PCB Layout of the central detector 96.5mm X 63.5mm
Raspberry Pi Zero W pinout
A note about Geiger–Müller Tubes
I’ve had comments regarding the validity of using Geiger–Müller Tubes for a cosmic ray (muon) detector. Pointing out that Photomultipliers and scintillation panels are best, and yes the are far more effective. However, they are also expensive, whereas Geiger–Müller tubes are relatively cheap and easily available to purchase.
Although I’m currently working on a solid-state detector there are a few issues yet to overcome, so this is still a few months away.
History is full of examples of physicists using Geiger–Müller tubes for cosmic ray observations up to the 80s. Geiger Tube Telescopes (GTT) were used by NASA including many Pioneer spacecraft missions and others. One most notable user was Bruno Benedetto Rossi a famous Italian experimental physicist who made major contributions to particle physics and the study of cosmic rays. At the age of 24, he fabricated his own Cosmic Ray detector using Geiger–Müller tubes and then went on to invent the first practical electronic coincident circuit.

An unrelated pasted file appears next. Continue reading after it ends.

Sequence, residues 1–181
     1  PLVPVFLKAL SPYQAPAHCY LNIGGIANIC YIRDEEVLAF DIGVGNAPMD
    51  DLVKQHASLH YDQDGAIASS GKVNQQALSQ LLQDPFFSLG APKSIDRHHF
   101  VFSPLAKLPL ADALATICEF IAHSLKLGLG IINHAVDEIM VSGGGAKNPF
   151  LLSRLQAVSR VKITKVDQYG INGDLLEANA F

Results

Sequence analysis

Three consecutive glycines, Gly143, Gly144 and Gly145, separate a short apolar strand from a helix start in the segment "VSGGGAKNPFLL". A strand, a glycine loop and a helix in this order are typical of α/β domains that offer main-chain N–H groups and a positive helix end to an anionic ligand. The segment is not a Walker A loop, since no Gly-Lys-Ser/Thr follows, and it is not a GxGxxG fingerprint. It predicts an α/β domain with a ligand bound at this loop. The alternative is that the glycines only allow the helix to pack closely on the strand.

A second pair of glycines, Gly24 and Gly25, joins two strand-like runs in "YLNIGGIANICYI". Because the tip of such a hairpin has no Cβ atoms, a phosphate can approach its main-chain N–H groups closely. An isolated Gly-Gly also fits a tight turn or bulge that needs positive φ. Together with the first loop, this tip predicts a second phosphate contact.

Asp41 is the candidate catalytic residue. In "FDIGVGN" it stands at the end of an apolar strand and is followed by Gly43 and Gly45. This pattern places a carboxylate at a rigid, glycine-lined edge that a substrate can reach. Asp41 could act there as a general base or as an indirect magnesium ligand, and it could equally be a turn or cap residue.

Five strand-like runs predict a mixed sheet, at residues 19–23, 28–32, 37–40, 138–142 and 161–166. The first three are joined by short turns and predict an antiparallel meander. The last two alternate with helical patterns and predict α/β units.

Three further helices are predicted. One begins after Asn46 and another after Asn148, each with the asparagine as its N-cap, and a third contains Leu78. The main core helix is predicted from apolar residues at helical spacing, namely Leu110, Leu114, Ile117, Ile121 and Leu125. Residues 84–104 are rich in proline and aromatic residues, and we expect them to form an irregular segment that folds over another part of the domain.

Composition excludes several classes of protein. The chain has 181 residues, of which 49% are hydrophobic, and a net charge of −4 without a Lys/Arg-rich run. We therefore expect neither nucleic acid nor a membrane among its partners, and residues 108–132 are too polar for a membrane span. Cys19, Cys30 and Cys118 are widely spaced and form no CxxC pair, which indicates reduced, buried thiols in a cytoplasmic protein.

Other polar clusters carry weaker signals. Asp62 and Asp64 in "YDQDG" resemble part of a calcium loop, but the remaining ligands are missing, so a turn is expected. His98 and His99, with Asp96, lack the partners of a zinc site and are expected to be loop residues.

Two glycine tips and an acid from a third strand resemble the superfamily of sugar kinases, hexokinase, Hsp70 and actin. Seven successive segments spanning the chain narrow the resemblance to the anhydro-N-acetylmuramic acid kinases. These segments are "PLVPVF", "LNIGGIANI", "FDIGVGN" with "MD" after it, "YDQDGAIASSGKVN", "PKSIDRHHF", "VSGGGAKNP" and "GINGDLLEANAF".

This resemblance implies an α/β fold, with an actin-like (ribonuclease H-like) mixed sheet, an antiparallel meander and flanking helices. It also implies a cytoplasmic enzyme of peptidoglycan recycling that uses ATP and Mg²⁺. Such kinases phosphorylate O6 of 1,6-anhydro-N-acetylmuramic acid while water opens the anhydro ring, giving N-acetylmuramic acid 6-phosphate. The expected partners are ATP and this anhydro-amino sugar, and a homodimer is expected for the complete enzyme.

This a part of a larger project I am developing and this proof of concept instaltion was a finalist in the 2017 Hackaday Prize competition.
Winner of 2 semifinalist prizes